Gen Z workforce preparation isn't necessarily strong, according to a new survey.

Is Gen Z workforce preparation up to par?

A student survey shows that of all age groups, Gen Z workforce preparation is viewed with the least optimism

The jobs of today and tomorrow demand strong soft skills from prospective employees, but Gen Z workforce preparation is lacking, according to a new survey.

Credential Clout: How Higher Ed Can Prepare for an Evolving Job Market, the survey from Ellucian and Wakefield Research, queried 500 students ages 18-45 enrolled in a college or credential program. It also includes responses from 500 recruiters and hiring managers.

Recruiters and hiring managers feel very confident that candidates have the skills needed to succeed, but there is a need for job prospects to master “soft skills” and obtain additional credentials that go beyond traditional degrees. With the majority of students planning to continue their education within their given field, the workforce will become increasingly specialized.

Gen Z workforce preparation could be better

Although 62 percent of students are enrolled in college to improve their career prospects, they aren’t quite certain they’re learning the skills that will prepare them for today’s workforce.

Just 39 percent of surveyed college students say they feel their educational program has made them “very prepared” for the workforce.

Breaking down preparation by generation, Gen Z workforce preparation lags behind other groups:

  • 36 percent of Generation Z (ages 18-21) feel very prepared for the workforce compared to 49 percent of Millennials (ages 22-37) and 68 percent of Generation X (ages 38-53)

Soft skills such as communication, critical thinking, and problem-solving are increasingly recognized as critical to career success. Recruiters generally agree that job candidates are coming in prepared, but they find certain top soft skills lacking–40 percent of recruiters find communication skills lacking, and 30 percent find a dearth of critical thinking or problem solving. Coincidentally, these are the two skills students seek to learn most in their educational programs (56 percent seek out communication skills and 55 percent look for critical thinking skills).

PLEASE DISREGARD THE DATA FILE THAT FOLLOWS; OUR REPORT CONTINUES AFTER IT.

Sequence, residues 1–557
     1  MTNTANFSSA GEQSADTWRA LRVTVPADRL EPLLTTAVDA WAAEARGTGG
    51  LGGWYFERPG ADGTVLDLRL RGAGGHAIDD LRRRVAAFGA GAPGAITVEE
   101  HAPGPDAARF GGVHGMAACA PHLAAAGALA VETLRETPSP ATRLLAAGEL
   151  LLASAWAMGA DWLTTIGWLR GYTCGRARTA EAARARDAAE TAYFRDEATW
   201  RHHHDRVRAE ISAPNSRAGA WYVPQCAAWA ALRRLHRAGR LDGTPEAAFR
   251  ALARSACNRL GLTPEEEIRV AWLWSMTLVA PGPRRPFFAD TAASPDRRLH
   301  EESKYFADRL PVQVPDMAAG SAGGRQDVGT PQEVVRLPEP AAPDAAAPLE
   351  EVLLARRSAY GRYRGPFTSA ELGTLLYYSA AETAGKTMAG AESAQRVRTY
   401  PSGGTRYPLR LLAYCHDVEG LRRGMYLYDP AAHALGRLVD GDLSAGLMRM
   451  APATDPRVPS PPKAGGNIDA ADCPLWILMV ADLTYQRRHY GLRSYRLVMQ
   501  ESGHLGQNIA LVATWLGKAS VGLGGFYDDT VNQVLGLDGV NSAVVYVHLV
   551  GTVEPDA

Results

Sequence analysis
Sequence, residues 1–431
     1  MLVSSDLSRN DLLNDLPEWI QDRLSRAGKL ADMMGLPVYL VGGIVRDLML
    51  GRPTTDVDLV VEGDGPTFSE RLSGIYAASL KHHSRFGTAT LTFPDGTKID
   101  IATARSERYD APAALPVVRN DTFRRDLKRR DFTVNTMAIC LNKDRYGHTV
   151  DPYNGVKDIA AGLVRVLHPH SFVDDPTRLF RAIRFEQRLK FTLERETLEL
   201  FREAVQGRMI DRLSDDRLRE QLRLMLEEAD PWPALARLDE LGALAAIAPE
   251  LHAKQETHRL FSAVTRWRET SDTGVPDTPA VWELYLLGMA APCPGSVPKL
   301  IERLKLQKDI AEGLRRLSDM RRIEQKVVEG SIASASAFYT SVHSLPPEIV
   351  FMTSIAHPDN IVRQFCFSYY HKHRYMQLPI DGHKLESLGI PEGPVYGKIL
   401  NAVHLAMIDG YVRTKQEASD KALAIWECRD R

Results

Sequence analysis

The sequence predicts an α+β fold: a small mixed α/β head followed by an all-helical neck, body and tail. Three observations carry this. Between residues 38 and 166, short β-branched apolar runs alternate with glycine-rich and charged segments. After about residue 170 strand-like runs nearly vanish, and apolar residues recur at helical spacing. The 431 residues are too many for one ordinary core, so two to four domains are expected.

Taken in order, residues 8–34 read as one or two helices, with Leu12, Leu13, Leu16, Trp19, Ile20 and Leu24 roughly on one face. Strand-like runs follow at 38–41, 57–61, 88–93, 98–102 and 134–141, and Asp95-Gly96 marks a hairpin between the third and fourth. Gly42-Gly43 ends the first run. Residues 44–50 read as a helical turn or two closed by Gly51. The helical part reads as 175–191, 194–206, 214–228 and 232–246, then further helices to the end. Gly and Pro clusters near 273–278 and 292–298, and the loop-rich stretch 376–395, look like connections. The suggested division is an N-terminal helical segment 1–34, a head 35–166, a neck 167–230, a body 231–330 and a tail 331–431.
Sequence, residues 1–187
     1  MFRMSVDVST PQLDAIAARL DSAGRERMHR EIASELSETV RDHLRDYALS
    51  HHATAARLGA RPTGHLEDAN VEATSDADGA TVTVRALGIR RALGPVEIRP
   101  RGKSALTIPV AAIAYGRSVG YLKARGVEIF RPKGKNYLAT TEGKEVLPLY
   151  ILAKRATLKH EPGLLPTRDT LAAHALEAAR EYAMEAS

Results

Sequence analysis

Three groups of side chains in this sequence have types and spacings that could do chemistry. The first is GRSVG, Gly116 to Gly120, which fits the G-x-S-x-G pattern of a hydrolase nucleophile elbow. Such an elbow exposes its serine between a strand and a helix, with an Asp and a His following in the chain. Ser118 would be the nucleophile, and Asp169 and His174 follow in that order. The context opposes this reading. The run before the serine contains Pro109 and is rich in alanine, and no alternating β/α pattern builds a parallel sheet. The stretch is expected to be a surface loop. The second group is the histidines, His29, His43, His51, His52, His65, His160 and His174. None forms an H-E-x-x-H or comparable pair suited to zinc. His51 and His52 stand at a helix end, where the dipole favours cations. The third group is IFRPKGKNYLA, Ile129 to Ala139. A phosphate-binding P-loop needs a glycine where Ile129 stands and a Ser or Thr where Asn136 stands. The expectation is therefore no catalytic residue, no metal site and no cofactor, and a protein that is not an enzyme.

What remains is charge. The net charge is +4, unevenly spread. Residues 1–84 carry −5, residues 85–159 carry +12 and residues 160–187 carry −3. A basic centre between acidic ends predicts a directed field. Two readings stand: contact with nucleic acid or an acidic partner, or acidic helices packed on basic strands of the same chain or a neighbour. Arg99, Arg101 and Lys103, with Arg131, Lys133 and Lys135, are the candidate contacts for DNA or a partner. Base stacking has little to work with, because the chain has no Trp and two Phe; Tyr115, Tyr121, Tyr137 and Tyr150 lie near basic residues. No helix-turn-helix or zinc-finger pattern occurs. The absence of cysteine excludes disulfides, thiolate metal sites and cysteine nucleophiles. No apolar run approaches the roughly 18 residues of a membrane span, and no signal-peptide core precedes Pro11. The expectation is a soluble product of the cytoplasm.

Sixty-two percent of recruiters are very confident that job candidates have the skills to succeed, while 40 percent find communication skills lacking in job candidates. What’s more, when it comes to communication, 56 percent of students are actively seeking this skill. Thirty percent of recruiters find critical thinking skills lacking in job candidates, and 55 percent of students are working to develop critical thinking skills.

Surveyed recruiters say candidates with a college degree have more skills than those without, but only one-third of organizations require a degree for entry-level positions.

Employers are evenly split on degrees versus credentials–50 percent say degree attainment is a better read of job candidates’ qualifications, whil the other 50 percent say credentials are better. One-quarter accept credentials in place of a degree.

Recruiters also rank top qualities of credential and degree candidates similarly, including knowledge of industry trends, technical skills, specialized knowledge, and networking skills.

Gen Z workforce preparation doesn’t stop after their current educational program–85 percent say they plan to pursue a degree or credential in the future. This is true for 91 percent of Millennials and 91 percent of Gen X students.

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Laura Ascione
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